Multidrug-resistant tuberculosis has emerged as a major public health problem for North Korea, a private foundation said Thursday, calling for public donation to help combat the highly contagious disease.
Stephen W. Linton, chairman of the Eugene Bell Foundation, said his foundation currently treats some 600 multidrug-resistant patients in six medical centers in the North, but hundreds of people are still on the waiting list.
Linton, who just returned from a two-week trip to the North after delivering medications to the North Korean patients, told reporters in Seoul that the six centers are making good progress and they could be ready to significantly expand their patient numbers.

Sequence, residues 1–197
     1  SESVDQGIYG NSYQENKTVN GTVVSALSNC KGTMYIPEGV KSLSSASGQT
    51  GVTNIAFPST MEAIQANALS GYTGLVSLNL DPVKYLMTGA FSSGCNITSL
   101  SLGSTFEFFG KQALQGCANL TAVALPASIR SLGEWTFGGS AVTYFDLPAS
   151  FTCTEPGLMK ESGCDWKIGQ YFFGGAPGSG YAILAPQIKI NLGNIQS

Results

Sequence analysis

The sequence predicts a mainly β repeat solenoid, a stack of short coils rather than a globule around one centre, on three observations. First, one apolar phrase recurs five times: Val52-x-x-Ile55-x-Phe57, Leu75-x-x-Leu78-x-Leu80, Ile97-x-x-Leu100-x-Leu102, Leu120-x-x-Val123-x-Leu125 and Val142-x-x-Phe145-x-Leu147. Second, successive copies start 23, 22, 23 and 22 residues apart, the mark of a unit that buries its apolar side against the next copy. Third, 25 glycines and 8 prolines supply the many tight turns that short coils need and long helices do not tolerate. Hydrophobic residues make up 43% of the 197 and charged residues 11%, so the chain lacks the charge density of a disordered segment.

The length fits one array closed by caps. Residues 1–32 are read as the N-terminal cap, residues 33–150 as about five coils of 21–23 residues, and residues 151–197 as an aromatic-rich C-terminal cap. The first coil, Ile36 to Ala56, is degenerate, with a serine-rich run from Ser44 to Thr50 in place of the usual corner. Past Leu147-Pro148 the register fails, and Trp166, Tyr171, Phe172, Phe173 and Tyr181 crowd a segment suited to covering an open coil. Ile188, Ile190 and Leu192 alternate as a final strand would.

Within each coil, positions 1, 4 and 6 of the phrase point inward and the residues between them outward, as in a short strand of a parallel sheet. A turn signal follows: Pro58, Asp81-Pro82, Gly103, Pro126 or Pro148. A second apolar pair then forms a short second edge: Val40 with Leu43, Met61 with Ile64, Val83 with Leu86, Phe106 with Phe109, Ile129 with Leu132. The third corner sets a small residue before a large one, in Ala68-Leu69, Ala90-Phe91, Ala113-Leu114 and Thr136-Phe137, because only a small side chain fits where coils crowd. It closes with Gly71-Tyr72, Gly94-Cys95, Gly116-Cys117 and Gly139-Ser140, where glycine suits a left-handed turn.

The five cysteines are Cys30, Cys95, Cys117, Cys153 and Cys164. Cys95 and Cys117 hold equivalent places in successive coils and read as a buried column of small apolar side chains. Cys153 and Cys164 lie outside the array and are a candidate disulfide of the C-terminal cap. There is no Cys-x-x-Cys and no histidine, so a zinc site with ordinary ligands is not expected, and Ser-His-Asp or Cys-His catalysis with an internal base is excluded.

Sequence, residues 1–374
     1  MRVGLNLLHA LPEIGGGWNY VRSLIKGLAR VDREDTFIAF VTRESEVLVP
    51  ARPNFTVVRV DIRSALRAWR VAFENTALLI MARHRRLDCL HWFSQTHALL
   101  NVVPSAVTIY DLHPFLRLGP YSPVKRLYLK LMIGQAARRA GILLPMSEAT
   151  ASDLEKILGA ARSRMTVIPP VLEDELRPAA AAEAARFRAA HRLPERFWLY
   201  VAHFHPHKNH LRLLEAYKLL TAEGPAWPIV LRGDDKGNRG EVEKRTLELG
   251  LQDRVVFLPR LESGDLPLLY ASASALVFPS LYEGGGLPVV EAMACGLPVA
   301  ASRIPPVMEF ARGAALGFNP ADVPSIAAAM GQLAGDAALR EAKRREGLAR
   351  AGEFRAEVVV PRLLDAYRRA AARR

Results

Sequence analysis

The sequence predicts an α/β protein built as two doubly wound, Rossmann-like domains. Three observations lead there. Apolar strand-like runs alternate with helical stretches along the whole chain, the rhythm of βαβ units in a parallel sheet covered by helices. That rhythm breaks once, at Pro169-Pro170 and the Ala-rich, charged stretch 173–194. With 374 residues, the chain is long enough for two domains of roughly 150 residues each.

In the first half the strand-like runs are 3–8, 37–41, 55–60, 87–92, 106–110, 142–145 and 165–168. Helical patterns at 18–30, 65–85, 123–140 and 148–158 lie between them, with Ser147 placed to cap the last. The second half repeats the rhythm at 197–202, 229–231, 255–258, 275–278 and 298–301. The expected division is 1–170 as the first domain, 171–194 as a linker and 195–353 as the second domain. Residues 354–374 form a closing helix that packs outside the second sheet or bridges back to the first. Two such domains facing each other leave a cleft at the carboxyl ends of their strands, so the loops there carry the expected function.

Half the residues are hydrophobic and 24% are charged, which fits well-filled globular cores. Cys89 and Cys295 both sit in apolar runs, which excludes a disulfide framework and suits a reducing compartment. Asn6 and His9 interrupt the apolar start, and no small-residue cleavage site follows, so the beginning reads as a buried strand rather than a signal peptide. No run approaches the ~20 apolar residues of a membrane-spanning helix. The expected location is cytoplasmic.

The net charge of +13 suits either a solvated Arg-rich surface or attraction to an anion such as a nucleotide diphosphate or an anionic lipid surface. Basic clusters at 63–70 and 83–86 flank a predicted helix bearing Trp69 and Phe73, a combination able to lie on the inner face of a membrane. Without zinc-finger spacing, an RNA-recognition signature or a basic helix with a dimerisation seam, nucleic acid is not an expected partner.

Still, he said some people on the waiting list have died because they did not receive necessary treatment.
“We cannot treat all multidrug-resistant patients in the North,” Linton said in a news conference. “It will be a question whether we have the budget to buy the medicine they need.”
The medicine for multidrug-resistant patients costs nearly 100 times as much as regular tuberculosis medical supplies, said Linton, adding each patient costs $ 1,600 a year.
The patients include medical professionals, Linton said, in a sign of the serious problem facing the impoverished country.